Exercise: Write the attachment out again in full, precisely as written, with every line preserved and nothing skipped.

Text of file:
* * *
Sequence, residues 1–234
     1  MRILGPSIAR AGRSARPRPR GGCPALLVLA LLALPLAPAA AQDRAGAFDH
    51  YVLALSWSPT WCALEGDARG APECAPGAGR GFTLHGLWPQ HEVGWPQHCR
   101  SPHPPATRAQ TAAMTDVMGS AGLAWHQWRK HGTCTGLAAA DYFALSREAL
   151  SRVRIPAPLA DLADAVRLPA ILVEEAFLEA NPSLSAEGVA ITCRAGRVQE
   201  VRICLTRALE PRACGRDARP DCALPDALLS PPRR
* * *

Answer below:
Sequence, residues 1–234
     1  MRILGPSIAR AGRSARPRPR GGCPALLVLA LLALPLAPAA AQDRAGAFDH
    51  YVLALSWSPT WCALEGDARG APECAPGAGR GFTLHGLWPQ HEVGWPQHCR
   101  SPHPPATRAQ TAAMTDVMGS AGLAWHQWRK HGTCTGLAAA DYFALSREAL
   151  SRVRIPAPLA DLADAVRLPA ILVEEAFLEA NPSLSAEGVA ITCRAGRVQE
   201  VRICLTRALE PRACGRDARP DCALPDALLS PPRR